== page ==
What Is Microcopy?

Written by Coursera Staff • Updated on

Microcopy is short, to the point, and a major element of the user experience on websites and applications. Learn what microcopy is and why it's so important.

[Featured image] A UX writer is reading about microcopy.

Microcopy is the small cluster of words that appears across websites and applications that help users navigate through the various pages, pop-ups, forms, and more. 

Although microcopy can be subtle in digital media, it plays an important role in the user experience. Microcopy informs users on what to do, how to navigate websites or applications, and provides clarity on any particular web page. Ultimately, it's a major part of the communication between site and application owners and users. 

What are some examples of microcopy? 

Some of the most common examples of microcopy include:  

  • Error messages and alerts 

  • Calls to action

  • Titles and subheadings

  • Confirmation and status messages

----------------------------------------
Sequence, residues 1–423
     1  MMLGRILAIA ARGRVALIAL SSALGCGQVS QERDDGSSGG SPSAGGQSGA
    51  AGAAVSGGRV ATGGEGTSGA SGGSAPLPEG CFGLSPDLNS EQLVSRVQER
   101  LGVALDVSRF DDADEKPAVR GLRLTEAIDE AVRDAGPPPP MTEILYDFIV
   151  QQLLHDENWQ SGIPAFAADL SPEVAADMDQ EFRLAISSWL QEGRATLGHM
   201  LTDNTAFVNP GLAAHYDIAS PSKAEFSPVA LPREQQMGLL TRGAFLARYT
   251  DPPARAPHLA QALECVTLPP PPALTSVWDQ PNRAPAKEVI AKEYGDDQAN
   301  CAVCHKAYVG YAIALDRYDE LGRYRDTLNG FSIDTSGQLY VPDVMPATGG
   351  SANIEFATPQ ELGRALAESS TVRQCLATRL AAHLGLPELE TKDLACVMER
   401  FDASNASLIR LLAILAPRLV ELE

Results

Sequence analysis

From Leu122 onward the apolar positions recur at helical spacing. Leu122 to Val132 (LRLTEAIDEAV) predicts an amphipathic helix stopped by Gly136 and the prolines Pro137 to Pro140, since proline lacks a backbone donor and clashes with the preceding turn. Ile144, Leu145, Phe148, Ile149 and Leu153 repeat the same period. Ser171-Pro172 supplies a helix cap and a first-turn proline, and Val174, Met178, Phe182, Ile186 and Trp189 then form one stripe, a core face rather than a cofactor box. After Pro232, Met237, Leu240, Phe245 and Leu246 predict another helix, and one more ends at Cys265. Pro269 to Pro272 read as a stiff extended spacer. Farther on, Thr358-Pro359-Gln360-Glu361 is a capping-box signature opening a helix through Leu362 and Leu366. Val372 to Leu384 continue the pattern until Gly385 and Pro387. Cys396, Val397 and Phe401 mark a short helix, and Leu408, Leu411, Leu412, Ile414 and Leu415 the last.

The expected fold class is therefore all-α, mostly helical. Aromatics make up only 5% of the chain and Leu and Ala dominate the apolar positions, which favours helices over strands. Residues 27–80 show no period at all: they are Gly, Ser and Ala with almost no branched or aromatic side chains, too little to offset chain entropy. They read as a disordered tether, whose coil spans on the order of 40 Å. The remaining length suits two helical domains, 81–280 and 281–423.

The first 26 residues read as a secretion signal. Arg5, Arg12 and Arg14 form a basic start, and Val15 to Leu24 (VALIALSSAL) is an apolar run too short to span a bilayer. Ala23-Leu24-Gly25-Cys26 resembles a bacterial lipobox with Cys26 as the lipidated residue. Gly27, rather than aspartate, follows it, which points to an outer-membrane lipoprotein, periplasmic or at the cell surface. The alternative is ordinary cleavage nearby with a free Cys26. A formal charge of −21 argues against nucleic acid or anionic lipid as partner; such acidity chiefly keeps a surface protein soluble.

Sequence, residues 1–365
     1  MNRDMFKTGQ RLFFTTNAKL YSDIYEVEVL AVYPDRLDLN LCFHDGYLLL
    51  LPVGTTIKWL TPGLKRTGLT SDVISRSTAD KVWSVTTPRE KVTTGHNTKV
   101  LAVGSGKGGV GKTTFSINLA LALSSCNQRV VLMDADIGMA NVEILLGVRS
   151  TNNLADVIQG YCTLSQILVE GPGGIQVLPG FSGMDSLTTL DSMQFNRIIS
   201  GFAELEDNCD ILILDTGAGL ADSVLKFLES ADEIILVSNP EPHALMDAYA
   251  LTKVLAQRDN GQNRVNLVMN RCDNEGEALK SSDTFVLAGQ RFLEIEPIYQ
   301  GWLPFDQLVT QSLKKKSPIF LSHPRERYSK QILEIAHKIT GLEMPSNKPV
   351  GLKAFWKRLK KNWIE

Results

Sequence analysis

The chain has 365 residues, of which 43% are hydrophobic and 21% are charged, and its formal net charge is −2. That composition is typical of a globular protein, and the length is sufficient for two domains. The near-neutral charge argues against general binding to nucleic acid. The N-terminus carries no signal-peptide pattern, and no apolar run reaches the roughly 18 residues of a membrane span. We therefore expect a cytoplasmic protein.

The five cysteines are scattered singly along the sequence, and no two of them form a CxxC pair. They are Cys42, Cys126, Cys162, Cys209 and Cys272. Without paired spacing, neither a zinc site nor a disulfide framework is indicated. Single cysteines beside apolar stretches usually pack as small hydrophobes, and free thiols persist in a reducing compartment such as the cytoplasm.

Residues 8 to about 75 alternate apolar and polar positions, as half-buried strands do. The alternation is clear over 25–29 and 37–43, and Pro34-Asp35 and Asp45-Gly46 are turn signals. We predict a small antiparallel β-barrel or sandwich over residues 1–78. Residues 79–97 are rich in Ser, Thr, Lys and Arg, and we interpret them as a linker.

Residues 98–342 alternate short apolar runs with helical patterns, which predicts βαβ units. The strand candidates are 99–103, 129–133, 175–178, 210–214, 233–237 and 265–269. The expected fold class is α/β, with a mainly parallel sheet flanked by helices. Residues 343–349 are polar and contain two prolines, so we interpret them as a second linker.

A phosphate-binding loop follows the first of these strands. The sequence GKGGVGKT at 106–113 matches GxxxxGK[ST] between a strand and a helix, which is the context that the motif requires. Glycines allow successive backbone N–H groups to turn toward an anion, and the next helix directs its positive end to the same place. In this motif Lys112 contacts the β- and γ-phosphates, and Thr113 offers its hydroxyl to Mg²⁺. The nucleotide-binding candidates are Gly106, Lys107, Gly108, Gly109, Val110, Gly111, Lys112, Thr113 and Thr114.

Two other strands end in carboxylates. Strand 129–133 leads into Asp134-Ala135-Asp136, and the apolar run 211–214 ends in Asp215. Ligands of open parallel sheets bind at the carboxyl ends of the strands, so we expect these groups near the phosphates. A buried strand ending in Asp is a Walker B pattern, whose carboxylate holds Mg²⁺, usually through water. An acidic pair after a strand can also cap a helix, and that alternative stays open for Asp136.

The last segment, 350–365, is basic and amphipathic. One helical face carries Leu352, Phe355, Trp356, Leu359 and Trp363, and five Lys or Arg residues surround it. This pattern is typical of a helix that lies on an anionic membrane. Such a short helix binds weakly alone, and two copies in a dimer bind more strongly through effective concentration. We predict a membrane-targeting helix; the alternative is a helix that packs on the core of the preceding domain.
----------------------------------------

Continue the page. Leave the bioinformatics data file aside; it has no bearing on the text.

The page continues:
• Navigation text

  • Terms of use

  • Prompts that explain how to enter certain information

  • Buttons  

Read more: User Experience (UX) Terms: A to Z Glossary

Why is microscopy important? 

Microcopy serves many purposes, but they all help improve the user experience. If the microcopy is confusing, a user might abandon a product or service out of frustration. Microcopy can also help alleviate customer concerns, for example, a company saying they won't sell your personal data or spam you. 

Microcopy also helps the user make decisions. For example, a user might be hesitant to sign up for an email newsletter, but microcopy containing a short positive review from an influencer might convince them the newsletter is worth their time. 

What should you keep in mind while creating microcopy? 

When creating microcopy, you want to make sure it's straightforward, comprehensive, and concise so that users can maintain interest. It’s also essential to be mindful of where microcopy is placed so that it’s in the correct location to be seen.  

Related terms 

  • User flow

  • Typography

  • Task analysis

  • Information architecture 

  • Service blueprint

  • Attention economy 

Learn more about UX design on Coursera

When you're ready to start the journey toward a UX design career, you can check out the UX Design Professional Certificate offered by Google on Coursera. In this course, you'll learn how to follow the design process, apply foundational UX concepts, understand the basics of UX research, and create a professional UX portfolio. 

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